William Eichler 30 May 2017

British workers hit ‘hardest’ by immigration cuts, research reveals

British workers hit ‘hardest’ by immigration cuts, research reveals

The Government’s net migration target of below 100,000 a year could lead to over 3 million people facing unemployment, new research reveals.

New figures from the Migration Matters Trust have shown cutting net migration to less than 100,000 per year could ‘hammer’ British jobs and force unemployment levels from the current 1.6 million to 3.1 million.

The figures are based on an analysis of the last decade of Government economic statistics, correlated against net migration levels.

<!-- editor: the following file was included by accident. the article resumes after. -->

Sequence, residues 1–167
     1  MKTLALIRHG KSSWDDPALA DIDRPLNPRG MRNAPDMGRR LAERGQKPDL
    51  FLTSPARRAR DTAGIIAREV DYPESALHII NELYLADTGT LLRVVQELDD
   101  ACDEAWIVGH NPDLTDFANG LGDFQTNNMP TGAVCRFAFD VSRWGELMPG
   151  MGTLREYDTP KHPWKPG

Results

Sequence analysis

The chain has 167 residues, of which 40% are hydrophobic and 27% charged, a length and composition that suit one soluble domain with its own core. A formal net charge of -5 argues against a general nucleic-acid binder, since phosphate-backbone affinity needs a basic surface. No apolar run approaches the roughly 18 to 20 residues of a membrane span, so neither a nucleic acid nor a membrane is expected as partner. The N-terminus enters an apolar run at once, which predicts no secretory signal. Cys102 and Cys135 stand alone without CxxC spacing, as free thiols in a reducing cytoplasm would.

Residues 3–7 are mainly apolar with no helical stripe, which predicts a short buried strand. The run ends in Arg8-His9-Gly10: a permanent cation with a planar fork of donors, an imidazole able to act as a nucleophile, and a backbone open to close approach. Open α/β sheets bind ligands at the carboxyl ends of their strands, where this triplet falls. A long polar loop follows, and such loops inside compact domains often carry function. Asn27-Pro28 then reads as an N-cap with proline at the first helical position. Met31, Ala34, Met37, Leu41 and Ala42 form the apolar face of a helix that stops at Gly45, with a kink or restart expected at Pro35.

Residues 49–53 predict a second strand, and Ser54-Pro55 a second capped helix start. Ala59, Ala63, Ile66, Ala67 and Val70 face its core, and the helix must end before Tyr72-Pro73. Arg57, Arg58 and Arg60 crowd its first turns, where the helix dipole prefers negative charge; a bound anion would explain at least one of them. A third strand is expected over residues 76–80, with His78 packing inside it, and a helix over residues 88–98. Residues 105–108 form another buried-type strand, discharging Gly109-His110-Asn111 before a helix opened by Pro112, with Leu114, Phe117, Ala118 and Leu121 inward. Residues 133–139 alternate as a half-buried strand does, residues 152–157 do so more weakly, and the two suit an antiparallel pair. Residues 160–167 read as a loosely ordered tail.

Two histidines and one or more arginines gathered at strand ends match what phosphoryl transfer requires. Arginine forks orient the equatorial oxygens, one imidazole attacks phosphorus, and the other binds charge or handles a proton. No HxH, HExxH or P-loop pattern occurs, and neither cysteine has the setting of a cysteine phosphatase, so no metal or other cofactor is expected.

The Trust also cites the Centre for Economic Business Research which recently highlighted how cutting migration to below 100,000 would reduce the size of the British economy by between 1.5% and 3% by 2025.

Barbara Roche, chair of the Migration Matters Trust commented, ‘Some of the people hit hardest by cutting migration to below 100,000 would be British workers.

‘According to the Government’s own figures, in industries like hospitality, which have a higher proportion of migrant workers, seven out of 10 employees are Brits. These are the workers who will suffer if migration is cut.

‘The case for immigration isn’t about abstract altruism but British self-interest. By plugging skills gaps in businesses, immigration safeguards the jobs of British workers in those firms.’

 
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